Imagine my surprise when, upon opening this pdf for review, I was suddenly transported back in time 17 years. In the span of a moment, I was lost in a magical forest of majesty, wondering if I should choose the well-traveled path known for scary skeletons (turn to page 64) or the rocky mountain road that passes much too close to the lichâ€™s tower (turn to page 91). Thatâ€™s how the â€œChoose Your Own Adventureâ€ books I devoured when I was thirteen usually read. Lucky for me, it did not take long to realize that this Party of One adventure from Open Design is an entirely different undead horde.
In Matthew J. Hansonâ€™s â€œKalgor Bloodhammer and the Ghouls through the Breach,â€ or â€œBB1,â€ you take on the role of the titular character (Bloodhammer, that is, not the ghouls) in defending the dwarven kingdom from an unexpected offensive from the hungry undead. You slip on Bloodhammerâ€™s best pair of stone-toed boots (finely crafted, must be dwarven), just as the young warrior is about to face his most difficult trial: the final test for admittance into the elite Iron Shields organization. What is the test? It is armed combat against an older, stronger and doubtless beardier applicant of course. From that point on you are thrust helm first into a quick and dirty adventure with fierce battles, heroic efforts and even an unexpected sprinkling of dwarven politics. The adventure is especially quick and dirty if your dice luck runs like mine.
That is right. I said â€œdice luck.â€ Unlike the â€œChoose Your Own Adventureâ€ books I remember kind of fondly but with one raised eyebrow, in BB1 you actually run a solo adventure using the praiseworthy Pathfinder roleplaying game rules set. Not only do you need dice to navigate Bloodhammer through his defense of the city from certain devouring, but a pencil and some scrap paper is handy for tracking stuff like hit points and *gasp* magic items and secrets. It is worth noting that the book itself informs the reader that a d6, d8 and d20 are required. Add to that a d12, which is left out of the instructions, as I unfortunately realized after scrounging up only the indicated dice for my initial run through. Also, there is no need to worry about familiarity with Pathfinder, d20 or any other gaming system, since the basic combat rules are explained well as you go along. This asset alone makes it a fairly decent entry adventure for a new role playing gamer. On top of the rules and the dice, the pdf also includes level 1 and level 3 character sheets for Bloodhammer. Beyond the obvious appeal for those like me who like to check the arithmetic, this neat little perk is especially of interest for those who discover affection for your full-bearded ghoul-smacker and decide to carry him over to newer adventures.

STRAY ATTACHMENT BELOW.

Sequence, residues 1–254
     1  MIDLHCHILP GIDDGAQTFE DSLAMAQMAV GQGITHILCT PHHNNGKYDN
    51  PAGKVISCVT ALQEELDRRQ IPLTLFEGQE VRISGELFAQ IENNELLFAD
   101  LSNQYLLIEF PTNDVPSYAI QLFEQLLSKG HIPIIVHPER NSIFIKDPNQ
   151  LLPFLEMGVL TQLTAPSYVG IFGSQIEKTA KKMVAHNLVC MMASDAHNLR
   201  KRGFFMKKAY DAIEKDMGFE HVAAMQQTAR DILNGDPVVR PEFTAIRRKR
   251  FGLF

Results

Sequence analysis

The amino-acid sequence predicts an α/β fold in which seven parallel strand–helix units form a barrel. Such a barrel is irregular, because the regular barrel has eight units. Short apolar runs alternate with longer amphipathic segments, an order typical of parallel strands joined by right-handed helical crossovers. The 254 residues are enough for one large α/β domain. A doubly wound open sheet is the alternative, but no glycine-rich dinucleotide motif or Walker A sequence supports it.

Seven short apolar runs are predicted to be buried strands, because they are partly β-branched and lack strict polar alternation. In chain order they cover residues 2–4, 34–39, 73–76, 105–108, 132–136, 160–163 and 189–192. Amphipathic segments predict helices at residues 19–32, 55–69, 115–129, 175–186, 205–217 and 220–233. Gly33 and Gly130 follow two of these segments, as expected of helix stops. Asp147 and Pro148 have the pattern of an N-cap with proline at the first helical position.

This is all well for a beginner, and while I think there is enough here to interest a more advanced player, the limitations of the medium prevent a more dynamic game. That is presented as more of an observation than it is a criticism, because, when all is said and done, you make choices and those choices definitely influence the outcome of the game. This is, at a very basic level, how a game of Pathfinder should feel with or without a party. Without going into detail, some of the endings are purposefully quite unsatisfying, and that does not necessarily mean those endings are â€œwrong.â€ Simply, they sufficiently convey that there could have been more, which definitely hooks you in to turning back to section 1 and starting over again.
I think this solo adventure is great for someone just starting with Pathfinder or even Dungeons & Dragons 3.5 or 4th edition. I could see keeping a printed out copy on hand in a gaming group in case there are inexperienced players who simply want to get a feel for how the system works before diving in head first. In addition, if you are an experienced player looking to roll some dice between groups, you could do a lot worse than Kalgor. Finally, with a prevalence of handy iOS and Android dice rollers out there, running this adventure is a great way to pass the time on a flight or car ride. In fact, I might do just that for the drive out to GenCon this August.